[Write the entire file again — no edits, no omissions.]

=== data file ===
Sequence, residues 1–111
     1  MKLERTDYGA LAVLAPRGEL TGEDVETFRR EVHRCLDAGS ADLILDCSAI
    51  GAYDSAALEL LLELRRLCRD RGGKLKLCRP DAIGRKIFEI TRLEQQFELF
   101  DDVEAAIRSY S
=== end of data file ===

Sequence, residues 1–111
     1  MKLERTDYGA LAVLAPRGEL TGEDVETFRR EVHRCLDAGS ADLILDCSAI
    51  GAYDSAALEL LLELRRLCRD RGGKLKLCRP DAIGRKIFEI TRLEQQFELF
   101  DDVEAAIRSY S